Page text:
When we have a function declared with a parameter…

void Example( int someNumber )
{
  cout << someNumber;
}

…and we call that function elseware, passing in another variable as an argument…

int main()
{
  int myNumber = 2;
  Example( myNumber );
  return 0;
}

… What happens is that the value of the variable myNumber is copied and passed to the function parameter someNumber. This works the same as if you simply pass in Example( 10 ), passing in a hard-coded value instead of using a variable.

If you wrote the function to change the value of its parameter, that change would only be reflected within the function and would not affect the original argument passed as part of the function call.

void Example( int someNumber )
{
  cout << "Example begin: " << someNumber << endl;
  someNumber = 100;
  cout << "Example end: " << someNumber << endl;
}

int main()
{
  int myNumber = 2;

  Example( myNumber );

  cout << "main end: " << myNumber << endl;

  return 0;
}

The output of this program would be:

Example begin: 2
Example end: 100
main end: 2

Even though the value of someNumber from the Example function changes (which is valid), that change doesn't affect myNumber within main(), because only the value was copied over.

This is known as pass-by-value.


4.2. Pass-by-reference

If we wanted to change the value of an argument variable within a function, we'd have to change the parameter to pass-by-reference. To do this, we use the symbol = &= in the parameter's declaration, after the data type and before the variable name.

void Example( int& someNumber )
{
  cout << "Example begin: " << someNumber << endl;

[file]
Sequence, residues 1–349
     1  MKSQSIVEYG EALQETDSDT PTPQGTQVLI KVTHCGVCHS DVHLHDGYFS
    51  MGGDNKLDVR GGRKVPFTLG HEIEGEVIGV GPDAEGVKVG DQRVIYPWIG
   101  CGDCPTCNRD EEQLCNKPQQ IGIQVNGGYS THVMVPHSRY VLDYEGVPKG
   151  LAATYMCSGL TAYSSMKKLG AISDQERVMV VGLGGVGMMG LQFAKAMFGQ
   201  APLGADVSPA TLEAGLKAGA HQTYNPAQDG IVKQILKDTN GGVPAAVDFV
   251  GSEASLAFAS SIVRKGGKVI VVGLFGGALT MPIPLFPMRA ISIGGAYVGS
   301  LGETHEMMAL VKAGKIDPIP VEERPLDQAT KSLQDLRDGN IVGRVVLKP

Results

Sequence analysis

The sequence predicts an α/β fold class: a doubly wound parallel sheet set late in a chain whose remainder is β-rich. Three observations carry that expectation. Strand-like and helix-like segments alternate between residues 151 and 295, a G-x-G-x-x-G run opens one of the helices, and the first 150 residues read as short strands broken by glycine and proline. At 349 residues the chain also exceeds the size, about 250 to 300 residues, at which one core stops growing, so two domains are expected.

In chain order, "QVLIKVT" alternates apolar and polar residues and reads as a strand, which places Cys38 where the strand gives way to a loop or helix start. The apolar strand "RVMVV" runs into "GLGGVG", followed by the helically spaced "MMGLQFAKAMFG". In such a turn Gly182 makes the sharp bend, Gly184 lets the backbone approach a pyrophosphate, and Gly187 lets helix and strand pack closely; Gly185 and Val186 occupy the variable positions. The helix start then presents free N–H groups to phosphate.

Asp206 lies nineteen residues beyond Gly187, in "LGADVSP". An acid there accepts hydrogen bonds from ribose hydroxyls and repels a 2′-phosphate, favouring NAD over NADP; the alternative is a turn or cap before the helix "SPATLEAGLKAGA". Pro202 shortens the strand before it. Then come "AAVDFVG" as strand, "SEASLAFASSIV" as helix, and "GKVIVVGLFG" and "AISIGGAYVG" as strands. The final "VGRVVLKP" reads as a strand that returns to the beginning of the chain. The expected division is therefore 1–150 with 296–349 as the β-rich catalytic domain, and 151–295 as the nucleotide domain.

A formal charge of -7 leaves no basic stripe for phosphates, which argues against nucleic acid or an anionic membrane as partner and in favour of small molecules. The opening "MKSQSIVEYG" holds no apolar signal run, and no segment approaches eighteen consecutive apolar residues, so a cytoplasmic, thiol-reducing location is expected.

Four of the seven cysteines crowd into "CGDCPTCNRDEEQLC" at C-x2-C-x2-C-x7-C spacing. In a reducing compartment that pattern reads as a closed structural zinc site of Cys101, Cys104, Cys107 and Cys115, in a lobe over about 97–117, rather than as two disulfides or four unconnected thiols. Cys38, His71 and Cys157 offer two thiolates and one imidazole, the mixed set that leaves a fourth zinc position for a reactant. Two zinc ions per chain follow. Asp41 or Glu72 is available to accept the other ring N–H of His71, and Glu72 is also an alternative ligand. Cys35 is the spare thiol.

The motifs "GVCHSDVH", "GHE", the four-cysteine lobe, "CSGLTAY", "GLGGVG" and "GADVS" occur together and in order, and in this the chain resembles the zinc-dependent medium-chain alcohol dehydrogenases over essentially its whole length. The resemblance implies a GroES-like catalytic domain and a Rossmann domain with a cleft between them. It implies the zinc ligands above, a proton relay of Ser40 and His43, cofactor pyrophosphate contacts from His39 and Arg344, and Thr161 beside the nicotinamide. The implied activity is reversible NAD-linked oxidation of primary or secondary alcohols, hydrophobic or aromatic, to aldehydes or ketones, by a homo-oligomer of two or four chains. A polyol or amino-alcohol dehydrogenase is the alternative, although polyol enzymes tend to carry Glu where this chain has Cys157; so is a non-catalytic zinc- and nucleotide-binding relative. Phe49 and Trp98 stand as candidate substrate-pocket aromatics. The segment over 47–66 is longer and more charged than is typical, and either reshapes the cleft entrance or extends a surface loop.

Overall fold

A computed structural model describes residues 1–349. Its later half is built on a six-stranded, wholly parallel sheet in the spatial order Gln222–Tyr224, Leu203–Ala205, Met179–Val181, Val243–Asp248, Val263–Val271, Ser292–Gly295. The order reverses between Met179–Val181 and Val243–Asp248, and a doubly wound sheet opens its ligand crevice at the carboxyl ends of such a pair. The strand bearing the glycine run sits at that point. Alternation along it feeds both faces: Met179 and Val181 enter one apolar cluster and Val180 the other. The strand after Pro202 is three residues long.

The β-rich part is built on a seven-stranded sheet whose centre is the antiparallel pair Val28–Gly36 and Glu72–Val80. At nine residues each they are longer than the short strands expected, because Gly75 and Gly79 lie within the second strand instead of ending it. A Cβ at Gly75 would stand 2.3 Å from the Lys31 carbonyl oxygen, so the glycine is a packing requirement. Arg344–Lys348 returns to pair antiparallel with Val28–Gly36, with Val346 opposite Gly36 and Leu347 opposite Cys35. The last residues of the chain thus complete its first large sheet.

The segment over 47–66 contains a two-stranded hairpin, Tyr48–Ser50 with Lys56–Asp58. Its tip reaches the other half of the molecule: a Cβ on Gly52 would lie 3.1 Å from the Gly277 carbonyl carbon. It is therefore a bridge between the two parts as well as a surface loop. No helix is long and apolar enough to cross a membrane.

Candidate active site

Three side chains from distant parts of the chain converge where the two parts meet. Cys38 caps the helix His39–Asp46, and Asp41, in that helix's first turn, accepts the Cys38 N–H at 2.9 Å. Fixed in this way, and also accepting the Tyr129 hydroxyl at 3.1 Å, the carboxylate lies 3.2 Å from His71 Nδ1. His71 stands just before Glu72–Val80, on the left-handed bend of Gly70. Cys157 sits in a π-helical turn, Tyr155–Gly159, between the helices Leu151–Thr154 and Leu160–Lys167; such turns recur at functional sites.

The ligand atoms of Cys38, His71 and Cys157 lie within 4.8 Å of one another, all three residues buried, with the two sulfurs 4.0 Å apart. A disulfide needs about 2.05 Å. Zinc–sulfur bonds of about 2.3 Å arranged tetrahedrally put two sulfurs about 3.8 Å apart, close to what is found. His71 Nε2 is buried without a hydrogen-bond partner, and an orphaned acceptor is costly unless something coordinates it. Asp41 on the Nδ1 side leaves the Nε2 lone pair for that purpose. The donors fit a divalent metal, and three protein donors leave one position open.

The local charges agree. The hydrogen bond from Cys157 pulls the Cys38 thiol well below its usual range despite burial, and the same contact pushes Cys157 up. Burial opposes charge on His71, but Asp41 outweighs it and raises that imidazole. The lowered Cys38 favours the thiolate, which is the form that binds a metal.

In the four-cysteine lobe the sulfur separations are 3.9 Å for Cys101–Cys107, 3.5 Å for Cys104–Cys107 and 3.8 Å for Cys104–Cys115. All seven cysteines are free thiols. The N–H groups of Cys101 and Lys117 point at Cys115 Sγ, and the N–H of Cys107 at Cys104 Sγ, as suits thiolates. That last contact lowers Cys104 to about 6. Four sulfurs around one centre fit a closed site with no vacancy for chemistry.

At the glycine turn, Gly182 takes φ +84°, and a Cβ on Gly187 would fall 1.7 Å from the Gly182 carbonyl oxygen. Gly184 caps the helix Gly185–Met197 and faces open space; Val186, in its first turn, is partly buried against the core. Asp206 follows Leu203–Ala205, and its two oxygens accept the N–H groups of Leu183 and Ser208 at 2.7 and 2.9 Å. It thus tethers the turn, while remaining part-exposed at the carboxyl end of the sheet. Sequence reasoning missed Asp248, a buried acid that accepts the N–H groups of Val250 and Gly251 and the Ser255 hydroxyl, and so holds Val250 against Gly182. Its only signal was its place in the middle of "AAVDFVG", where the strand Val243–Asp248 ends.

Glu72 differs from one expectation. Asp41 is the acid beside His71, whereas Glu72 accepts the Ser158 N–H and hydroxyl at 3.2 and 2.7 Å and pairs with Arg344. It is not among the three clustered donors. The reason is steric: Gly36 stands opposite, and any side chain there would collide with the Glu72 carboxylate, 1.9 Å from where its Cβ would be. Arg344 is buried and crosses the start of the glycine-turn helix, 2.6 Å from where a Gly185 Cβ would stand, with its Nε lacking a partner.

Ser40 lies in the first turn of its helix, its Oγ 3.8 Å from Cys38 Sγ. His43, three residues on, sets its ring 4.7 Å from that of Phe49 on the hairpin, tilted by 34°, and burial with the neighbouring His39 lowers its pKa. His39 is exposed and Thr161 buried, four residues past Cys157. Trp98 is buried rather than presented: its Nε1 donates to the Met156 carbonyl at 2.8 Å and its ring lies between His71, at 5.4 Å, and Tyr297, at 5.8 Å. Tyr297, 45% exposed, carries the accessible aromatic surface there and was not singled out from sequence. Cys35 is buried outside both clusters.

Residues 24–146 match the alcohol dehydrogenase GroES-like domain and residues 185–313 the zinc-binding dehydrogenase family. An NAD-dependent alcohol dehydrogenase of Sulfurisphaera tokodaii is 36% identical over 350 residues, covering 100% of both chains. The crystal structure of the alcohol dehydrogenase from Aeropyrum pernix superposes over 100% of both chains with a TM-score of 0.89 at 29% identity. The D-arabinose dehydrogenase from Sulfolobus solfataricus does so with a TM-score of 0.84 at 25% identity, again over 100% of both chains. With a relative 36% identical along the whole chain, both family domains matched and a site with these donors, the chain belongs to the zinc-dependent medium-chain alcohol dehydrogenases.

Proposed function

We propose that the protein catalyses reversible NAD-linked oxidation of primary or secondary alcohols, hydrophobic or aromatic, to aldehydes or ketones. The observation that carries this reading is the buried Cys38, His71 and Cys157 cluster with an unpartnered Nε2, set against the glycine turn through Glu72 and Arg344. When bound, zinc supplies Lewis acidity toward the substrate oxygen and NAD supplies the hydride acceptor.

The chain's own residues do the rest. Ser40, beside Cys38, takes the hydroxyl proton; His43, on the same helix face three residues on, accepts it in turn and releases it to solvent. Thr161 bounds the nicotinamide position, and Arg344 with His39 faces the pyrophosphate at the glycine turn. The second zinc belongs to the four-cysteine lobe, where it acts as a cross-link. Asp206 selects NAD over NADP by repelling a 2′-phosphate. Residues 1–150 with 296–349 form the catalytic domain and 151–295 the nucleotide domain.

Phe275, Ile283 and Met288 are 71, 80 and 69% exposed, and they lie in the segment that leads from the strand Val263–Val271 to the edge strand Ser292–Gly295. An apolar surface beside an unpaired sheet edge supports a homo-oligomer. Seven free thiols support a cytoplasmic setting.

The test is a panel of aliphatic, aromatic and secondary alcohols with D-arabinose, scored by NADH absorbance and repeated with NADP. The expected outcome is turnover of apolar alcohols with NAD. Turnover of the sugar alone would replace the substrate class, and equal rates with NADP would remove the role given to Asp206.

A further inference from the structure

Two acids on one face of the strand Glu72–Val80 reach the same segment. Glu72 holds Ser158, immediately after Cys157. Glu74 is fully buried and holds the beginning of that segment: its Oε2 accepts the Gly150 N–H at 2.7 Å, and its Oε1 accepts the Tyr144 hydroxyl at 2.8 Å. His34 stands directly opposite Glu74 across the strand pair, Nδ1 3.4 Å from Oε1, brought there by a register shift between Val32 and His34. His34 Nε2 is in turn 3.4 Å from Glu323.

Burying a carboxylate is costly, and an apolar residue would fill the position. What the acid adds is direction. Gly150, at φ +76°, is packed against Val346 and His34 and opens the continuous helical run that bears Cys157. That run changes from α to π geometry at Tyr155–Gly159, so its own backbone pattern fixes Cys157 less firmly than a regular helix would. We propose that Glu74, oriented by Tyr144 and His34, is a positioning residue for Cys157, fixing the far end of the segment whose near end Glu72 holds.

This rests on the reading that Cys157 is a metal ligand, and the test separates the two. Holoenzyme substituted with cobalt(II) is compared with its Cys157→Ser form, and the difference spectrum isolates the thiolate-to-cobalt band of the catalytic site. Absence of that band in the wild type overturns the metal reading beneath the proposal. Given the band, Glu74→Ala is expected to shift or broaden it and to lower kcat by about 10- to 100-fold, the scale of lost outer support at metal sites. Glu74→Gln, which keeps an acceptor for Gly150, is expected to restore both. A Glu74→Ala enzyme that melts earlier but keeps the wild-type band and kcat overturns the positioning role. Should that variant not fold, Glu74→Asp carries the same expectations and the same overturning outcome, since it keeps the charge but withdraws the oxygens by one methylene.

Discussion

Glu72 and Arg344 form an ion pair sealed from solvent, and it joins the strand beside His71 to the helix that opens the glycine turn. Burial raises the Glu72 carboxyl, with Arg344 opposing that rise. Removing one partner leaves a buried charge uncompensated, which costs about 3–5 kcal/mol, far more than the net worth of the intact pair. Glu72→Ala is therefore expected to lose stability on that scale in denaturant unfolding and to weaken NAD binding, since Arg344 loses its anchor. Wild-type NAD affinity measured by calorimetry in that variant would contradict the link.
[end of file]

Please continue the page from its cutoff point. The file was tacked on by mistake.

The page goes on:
someNumber = 100;
  cout << "Example end: " << someNumber << endl;
}

The ampersand symbol can go next to the data type (int & blah), next to the variable name (int &blah), or separate from both (int & blah).

Once we've made the parameter a reference, then when the function is called, the argument is not copied - a reference to that variable is passed to the function. Any changes to the reference parameter in the function also affects the original argument variable.

int main()
{
  int myNumber = 2;

  // Calling it looks the same as before
  Example( myNumber );

  cout << "main end: " << myNumber << endl;

  return 0;
}

The output of this program would be:

Example begin: 2
Example end: 100
main end: 100

Pass-by-reference instead of return
In some cases, you may need to return multiple pieces of data from a function - however, you can only return one item from a function with the return statement (in C++). One option is to set the information you want "returned" as pass-by-reference parameters of the function.
void DoubleTheseNumbers( int & a, int & b, int & c )
{
  a *= 2;
  b *= 2;
  c *= 2;
}

Pass-by-reference of large things

We haven't gone over arrays or classes/objects yet, but another reason we might want to pass something by-reference instead of by-value is when the parameter is big (which can be the case with arrays and objects).